KNOXVILLE, Tenn. (WATE) – Face masks are once again required inside all buildings at Great Smoky Mountains National Park with the Centers for Disease Control and Prevention reporting Tennessee counties within the park are considered high risk for COVID-19.

Visitors to Great Smoky Mountains National Park are required to wear a mask inside all park buildings regardless of vaccination status. Masks are not required outdoors within the park.

Since the National Park Service (NPS) federal mask mandate was rescinded earlier this year, public lands managers were delegated the authority to make operational decisions based on site-level conditions, according to Dana Soehn, management assistant for the National Park Service.

The park is comprised of parts of Blount, Sevier and Cocke counties, all of which are rated at high risk of COVID-19 by the CDC as of Aug. 9. The NPS began using the CDC’s COVID-19 Community Levels metric in late February to allow individual parks to make decisions on masking based on local conditions.

“We have been continually monitoring the CDC’s COVID Data Tracker to ascertain current COVID-19 transmission levels within the six local counties that surround the Park to assess the need for operational changes,” Soehn said. “Per NPS policy and the Smokies Adaptive Operations COVID-19 Plan, masks are required in all federal buildings if one county within the park is in the HIGH transmission level for seven consecutive days.”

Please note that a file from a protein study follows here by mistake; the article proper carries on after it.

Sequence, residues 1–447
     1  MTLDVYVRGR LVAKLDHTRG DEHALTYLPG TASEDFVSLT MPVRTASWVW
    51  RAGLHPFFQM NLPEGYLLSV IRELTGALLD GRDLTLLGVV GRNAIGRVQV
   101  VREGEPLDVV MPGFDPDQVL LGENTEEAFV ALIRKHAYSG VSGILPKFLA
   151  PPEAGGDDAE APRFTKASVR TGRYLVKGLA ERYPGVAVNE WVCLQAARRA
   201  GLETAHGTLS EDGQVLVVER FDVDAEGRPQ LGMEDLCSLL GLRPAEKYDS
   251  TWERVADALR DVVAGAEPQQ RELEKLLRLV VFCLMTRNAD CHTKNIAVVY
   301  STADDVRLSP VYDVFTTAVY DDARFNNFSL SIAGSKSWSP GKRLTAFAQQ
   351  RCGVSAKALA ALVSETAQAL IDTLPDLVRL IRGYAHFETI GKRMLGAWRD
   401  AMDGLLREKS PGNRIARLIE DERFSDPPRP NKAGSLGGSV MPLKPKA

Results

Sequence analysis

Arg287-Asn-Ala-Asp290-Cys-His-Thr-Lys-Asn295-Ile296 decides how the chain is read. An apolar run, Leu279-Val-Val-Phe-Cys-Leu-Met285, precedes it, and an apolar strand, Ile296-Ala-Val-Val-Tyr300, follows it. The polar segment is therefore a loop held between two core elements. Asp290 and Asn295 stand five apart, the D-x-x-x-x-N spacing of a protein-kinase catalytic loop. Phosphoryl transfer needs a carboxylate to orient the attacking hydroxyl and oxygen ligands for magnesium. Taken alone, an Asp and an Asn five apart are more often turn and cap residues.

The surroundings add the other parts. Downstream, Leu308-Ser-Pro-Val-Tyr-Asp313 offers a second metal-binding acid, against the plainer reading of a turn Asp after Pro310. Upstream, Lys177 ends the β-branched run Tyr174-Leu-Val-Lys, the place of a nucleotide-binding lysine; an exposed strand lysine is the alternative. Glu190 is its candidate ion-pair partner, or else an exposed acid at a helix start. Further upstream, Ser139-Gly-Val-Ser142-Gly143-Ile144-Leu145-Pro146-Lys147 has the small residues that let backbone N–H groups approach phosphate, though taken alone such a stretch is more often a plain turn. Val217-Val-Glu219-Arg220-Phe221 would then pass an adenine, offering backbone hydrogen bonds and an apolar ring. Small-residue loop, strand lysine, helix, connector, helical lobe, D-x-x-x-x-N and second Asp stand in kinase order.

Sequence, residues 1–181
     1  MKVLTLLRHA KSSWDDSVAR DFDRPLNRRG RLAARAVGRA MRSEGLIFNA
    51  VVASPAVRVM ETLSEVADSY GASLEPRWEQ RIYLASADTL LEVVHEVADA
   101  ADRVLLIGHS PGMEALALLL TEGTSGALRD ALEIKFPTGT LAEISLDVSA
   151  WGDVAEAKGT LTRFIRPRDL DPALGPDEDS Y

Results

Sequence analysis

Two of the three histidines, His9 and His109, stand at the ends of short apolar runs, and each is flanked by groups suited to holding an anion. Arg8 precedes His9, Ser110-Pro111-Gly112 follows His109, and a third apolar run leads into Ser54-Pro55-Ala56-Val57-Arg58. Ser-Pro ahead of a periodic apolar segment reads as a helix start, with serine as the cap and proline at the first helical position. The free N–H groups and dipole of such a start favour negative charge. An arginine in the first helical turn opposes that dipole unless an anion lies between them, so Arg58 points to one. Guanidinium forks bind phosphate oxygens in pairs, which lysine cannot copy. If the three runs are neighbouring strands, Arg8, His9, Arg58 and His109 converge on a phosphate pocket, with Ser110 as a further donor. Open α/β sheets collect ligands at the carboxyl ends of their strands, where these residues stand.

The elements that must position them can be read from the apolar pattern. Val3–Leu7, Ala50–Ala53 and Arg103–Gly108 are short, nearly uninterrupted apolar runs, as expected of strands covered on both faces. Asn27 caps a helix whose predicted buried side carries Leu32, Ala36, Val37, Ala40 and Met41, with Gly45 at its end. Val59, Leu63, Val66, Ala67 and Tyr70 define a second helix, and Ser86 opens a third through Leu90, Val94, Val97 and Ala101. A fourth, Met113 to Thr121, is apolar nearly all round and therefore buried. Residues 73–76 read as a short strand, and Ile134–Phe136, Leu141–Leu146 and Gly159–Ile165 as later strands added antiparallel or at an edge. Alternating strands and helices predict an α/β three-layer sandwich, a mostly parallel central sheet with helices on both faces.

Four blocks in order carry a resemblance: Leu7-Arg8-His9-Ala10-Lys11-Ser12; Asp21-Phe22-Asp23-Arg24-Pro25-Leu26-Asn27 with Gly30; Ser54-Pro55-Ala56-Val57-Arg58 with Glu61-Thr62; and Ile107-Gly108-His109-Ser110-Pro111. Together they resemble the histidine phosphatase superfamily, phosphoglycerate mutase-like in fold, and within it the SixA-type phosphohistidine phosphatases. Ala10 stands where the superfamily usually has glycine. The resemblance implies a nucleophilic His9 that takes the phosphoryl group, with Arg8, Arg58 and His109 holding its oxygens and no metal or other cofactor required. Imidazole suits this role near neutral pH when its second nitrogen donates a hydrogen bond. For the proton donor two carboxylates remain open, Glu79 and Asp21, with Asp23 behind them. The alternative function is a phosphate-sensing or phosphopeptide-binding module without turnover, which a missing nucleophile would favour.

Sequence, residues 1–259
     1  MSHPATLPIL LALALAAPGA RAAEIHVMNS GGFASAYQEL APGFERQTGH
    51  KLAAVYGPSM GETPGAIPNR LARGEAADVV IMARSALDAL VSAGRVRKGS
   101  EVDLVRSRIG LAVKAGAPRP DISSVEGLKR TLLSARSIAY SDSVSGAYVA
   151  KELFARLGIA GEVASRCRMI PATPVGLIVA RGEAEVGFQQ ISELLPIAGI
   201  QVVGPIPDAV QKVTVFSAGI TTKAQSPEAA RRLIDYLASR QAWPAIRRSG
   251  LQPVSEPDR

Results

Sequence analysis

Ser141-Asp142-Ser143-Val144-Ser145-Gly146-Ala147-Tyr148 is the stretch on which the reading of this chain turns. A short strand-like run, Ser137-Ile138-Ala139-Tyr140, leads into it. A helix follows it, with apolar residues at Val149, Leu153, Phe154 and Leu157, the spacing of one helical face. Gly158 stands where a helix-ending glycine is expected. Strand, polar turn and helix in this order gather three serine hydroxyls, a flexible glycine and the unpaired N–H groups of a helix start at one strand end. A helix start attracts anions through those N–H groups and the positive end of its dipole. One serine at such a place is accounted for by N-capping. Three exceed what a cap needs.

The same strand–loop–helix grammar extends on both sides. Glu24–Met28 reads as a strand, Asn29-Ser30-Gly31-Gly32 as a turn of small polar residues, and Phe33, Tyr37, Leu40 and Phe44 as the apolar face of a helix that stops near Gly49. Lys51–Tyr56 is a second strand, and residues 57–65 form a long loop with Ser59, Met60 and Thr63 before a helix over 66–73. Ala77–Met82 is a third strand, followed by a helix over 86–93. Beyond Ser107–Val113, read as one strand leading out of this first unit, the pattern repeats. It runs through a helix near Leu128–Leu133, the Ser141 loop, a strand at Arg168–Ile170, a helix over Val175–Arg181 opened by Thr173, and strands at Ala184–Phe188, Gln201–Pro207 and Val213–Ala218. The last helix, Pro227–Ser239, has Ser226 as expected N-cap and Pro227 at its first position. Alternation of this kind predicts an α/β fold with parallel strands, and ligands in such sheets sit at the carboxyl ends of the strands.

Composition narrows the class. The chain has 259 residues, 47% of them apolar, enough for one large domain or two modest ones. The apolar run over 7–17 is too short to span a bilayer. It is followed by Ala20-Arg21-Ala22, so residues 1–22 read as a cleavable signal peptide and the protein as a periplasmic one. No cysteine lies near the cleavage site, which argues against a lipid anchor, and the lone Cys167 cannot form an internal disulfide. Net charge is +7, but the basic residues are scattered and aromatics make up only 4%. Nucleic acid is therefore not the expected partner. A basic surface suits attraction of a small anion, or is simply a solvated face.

The CDC divides every county in the U.S. into three categories of COVID-19 risk: high, medium and low. The two North Carolina counties within the park boundaries, Swain and Haywood, are rated at medium risk as of Aug. 9.

According to Soehn, on Aug. 4, the transmission levels for Blount and Sevier Counties were recorded as HIGH.

Three data sets pertaining to COVID-19 are used by the CDC to determine the levels of community risk: new cases, hospital admissions and percent of beds occupied by COVID-19 patients. If conditions are “low or medium” then mask wearing is not required for staff, visitors, or others regardless of vaccination status.

“We will continue to monitor community transmission levels and if rates fall back to medium or low for Blount and Sevier Counties for seven consecutive days, we will remove the masking requirement,” NPS said in their statement.

The mask requirement within the park was first implemented in January 2021. It was dropped a few months later but returned in August 2021 as cases of the Omicron variant rose.